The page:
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We recently celebrated Alumni Weekend at Boys Town and we are always so happy to welcome our beloved alumni home. It reminded me of a conversation I had a few years ago with a small group of Boys Town alumni, including one female alum, Shanda. Shanda was told by one of her peers that she was looking good.

Shanda responded, “Well, thank you! I give God the glory. I've been blessed." Statistically speaking, she's not wrong about the blessed part. Studies show that conventionally attractive people are perceived by others as healthier, smarter, and more social and they also get better grades, make more money, and get more dates than the rest of us normal-looking people.

As the conversation continued, Shanda went on to share that as she ages, she has noticed that she gets less compliments on her looks and is given less preferential treatment. She said that she even considered getting some drastic plastic surgery to restore her looks, but decided against it after studying the possible side effects. She said, “I'm sticking with what God gave me!" Like the wise farmer in the Gospel of Matthew, Shanda realized that trying to “pull up the weeds" sown by the “enemy" of time and gravity might also harm the “wheat" of her attractiveness and good health.

This is a message that our kids at Boys Town need to hear. Our popular culture of body shaming is destructive to both boys and girls. Some kids are tempted to use steroids to build muscle and strength, and this can lead to acne, aggressive behavior, hallucinations, problems with their sex organ development and suicide.

Other kids are tempted to starve themselves to lose weight, leading to anorexia, bulimia and body dysmorphia. Some kids even talk their parents into paying for cosmetic alterations to their bodies that can lead to infection, blood clots, nerve damage and scarring. In their rush to pull out the “weeds" of their perceived bodily inadequacies, many teens are destroying the “wheat" of their God-given health and beauty.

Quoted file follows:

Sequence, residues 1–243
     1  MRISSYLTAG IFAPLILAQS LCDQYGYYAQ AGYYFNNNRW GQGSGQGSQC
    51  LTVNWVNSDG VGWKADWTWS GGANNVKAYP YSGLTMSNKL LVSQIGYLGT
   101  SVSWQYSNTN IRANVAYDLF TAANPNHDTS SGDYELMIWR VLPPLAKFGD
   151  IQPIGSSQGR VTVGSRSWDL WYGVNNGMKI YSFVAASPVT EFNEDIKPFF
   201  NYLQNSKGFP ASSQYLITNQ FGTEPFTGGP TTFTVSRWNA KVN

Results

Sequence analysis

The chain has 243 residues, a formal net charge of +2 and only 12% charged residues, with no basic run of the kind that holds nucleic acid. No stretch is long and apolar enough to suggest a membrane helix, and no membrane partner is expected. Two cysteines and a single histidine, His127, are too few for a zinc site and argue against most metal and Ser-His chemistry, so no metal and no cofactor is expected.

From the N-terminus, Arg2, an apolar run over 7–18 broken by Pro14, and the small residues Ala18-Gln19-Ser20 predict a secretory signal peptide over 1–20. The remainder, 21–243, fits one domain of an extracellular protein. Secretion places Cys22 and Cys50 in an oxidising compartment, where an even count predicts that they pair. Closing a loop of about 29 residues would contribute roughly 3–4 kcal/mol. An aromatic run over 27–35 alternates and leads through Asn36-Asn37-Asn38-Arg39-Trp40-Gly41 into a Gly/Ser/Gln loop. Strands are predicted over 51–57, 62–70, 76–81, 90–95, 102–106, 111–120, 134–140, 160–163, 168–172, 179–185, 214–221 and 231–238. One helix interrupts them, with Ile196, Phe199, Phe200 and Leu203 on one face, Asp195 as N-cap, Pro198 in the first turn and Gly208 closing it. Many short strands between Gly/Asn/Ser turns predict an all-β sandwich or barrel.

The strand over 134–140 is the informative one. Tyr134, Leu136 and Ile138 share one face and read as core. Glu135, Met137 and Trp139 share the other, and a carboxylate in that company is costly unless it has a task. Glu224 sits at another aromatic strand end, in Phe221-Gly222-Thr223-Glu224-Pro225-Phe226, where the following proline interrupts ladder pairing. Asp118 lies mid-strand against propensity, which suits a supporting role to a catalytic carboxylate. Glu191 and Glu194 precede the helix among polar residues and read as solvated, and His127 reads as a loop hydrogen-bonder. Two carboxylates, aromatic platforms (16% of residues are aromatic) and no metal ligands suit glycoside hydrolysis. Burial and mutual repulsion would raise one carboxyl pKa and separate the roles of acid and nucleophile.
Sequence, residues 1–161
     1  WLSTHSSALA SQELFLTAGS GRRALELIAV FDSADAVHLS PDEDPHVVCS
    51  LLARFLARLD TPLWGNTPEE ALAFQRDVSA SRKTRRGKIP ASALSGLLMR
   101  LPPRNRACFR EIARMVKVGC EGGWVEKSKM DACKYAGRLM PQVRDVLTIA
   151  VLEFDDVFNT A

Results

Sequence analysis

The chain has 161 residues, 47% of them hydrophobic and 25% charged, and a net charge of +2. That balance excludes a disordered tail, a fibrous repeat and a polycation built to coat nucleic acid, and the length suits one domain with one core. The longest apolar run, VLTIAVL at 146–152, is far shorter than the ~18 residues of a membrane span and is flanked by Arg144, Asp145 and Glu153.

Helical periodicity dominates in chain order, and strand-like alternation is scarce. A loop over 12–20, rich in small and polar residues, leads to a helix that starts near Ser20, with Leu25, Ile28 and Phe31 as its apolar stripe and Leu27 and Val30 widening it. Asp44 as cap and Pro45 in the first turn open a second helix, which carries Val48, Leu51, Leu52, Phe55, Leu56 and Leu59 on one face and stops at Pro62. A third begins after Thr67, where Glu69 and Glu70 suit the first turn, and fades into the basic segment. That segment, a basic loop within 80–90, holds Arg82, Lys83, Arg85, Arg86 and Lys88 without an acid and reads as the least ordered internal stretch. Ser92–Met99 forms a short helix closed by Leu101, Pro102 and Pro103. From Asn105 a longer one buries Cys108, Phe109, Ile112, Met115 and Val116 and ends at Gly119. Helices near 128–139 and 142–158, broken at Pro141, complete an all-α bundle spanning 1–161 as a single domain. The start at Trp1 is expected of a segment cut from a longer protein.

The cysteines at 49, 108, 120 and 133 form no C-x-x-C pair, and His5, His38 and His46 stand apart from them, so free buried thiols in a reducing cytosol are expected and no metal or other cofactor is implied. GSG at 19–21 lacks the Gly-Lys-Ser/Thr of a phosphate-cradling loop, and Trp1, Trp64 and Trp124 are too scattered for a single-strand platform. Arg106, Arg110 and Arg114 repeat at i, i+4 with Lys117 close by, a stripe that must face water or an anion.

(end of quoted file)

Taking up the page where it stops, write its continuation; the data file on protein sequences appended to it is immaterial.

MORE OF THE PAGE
So, what is a concerned parent to do in response to these cultural pressures? Here are some strategies:

  • Teach your kids about the algorithms and apps that “touch up" the looks of influencers, celebrities and even senior pictures. Remind them that the “beautiful people" get a lot of digital help to look like they do.
  • Compliment your kids on their internal qualities instead of their external appearance. Instead of introducing your “beautiful daughter," talk about her creativity, strength, intelligence, caring or curiosity.
  • Limit the placement of mirrors and bathroom scales in your home that subtly send the message that what really matters is how you look and what you weigh.
  • When you talk with your kids about their bodies, focus not on looks, but on physical health. Help them focus on what their bodies can do and how they feel.
  • Help your children to choose clothing that is comfortable and appropriate for the activity in which they are engaged, and that best suits their natural body type and tastes.
  • Educate kids that people come in all shapes and sizes and to embrace their natural body type.  
  • Promote diverse body images in the lives of your kids by helping them connect to dolls, movie stars, pop singers and friends who don't fit the cultural construct of physical beauty.
  • Don't spend so much time talking about your own appearance. Start a tradition of “Sloppy Saturdays." Skip putting on your makeup occasionally. Have some ice cream on special occasions.
  • Teach your kids that true beauty is way more than physical appearance – that the inner beauty of their mind, heart and soul are what really matter.  

We are all blessed by God with gifts and talents that we need to share freely with the world. It would be a shame if the unrealistic ideals of physical beauty for most people stopped our kids and everyone else from seeing and sharing these gifts. Shanda was right. She is blessed – to have learned that true beauty is more than skin deep!​